July 11, 2013

Anon92107: Mike Aguirre was sued three times for sexual harassment and the suits never went anywhere. At least, the charges were out in the open. Those suits were allegedly pushed by the downtown corporate welfare boosters. It is interesting this time that Democrats are coming out against a Democrat. Best, Don Bauder

July 11, 2013

It seems like the Dems are fighting about who gets to drive the bus, and who gets thrown under it.

July 11, 2013

aardvark: If Filner goes, no Democrat will get to drive the bus. Best, Don Bauder

July 11, 2013

Back on topic...

Don, if I interpret this story correctly, anyone who owns stock in a publicly traded (and no longer required to be properly audited) company is a fool.

Unless they have inside information.

Anyone without inside data, actual knowledge of how the firm is doing, instead of the guaranteed to be cooked books given the public, will inevitably lose their investment. Meanwhile, those who trade on inside knowledge will benefit from this change in the law.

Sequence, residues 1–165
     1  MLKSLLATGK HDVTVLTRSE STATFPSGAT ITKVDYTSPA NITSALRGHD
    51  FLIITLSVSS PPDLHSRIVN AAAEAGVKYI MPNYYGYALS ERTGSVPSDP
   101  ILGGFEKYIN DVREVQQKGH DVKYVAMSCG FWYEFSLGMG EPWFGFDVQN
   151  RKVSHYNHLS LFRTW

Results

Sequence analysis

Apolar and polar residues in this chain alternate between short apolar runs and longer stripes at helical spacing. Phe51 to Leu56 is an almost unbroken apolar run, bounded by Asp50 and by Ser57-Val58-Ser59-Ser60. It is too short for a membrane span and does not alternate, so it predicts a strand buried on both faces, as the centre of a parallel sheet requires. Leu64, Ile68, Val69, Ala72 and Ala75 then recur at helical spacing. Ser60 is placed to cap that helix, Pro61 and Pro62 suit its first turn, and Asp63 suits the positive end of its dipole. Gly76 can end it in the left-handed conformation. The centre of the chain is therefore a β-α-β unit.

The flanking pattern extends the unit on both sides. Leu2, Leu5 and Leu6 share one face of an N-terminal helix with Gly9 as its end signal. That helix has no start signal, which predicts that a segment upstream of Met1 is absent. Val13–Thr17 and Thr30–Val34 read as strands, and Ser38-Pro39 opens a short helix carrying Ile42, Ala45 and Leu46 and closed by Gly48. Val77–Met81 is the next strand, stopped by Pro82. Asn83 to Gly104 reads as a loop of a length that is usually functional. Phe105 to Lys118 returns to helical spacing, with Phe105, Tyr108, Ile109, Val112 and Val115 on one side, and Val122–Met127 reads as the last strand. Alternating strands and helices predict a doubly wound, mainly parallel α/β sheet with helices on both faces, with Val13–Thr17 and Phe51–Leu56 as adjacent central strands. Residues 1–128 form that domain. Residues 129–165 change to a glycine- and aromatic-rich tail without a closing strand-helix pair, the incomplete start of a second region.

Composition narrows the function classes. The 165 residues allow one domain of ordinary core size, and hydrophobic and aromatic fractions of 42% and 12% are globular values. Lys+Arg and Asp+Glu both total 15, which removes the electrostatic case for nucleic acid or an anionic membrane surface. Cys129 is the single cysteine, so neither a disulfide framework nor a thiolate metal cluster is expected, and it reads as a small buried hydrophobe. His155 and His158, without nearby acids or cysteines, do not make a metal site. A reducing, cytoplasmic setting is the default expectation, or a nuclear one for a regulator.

Is that correct?

After reading the work Matt Taibbi, yourself, and Nassim Taleb (plus several other lessor known contributors to this growing field of evidence), isn't it accurate to say that there is very little reason to have any confidence at all in the markets, where we also know that the quants are myopic, the LIBOR and other trading rates rigged, and front trading is not just endemic, it's sold by Reuters by subscription!

Can it get any worse? Is there any fig leaf of respectability or trust left to perpetuate the illusion any longer? Capitalism no longer exists....this is Kleptocracy.

July 12, 2013

Fred: I can't argue with your points, in the main. Corporate accounting is often phony as a three-dollar bill, although big blue chips still keep fairly straight books. Wall Street is rigged and the Securities and Exchange Commission is controlled by the big Wall Street law firms. But 43% of my portfolio is in blue chip stocks because the extremely easy monetary policy of the Fed and other major central banks makes bonds and cash dead money unless there is a depression. Best, Don Bauder

July 12, 2013

I always find it ironic people complain every time politicians vote themselves a raise in pay or benefits , I think they would work for free for the power and unmentioned "perks"

( see I did not use the words bribes or corruption)

July 13, 2013

Murphyjunk: But we knew what you meant when you said "unmentioned 'perks'." There is another factor: as soon as they retire or are retired from office, they can get a fat job as a lobbyist. Best, Don Bauder

July 13, 2013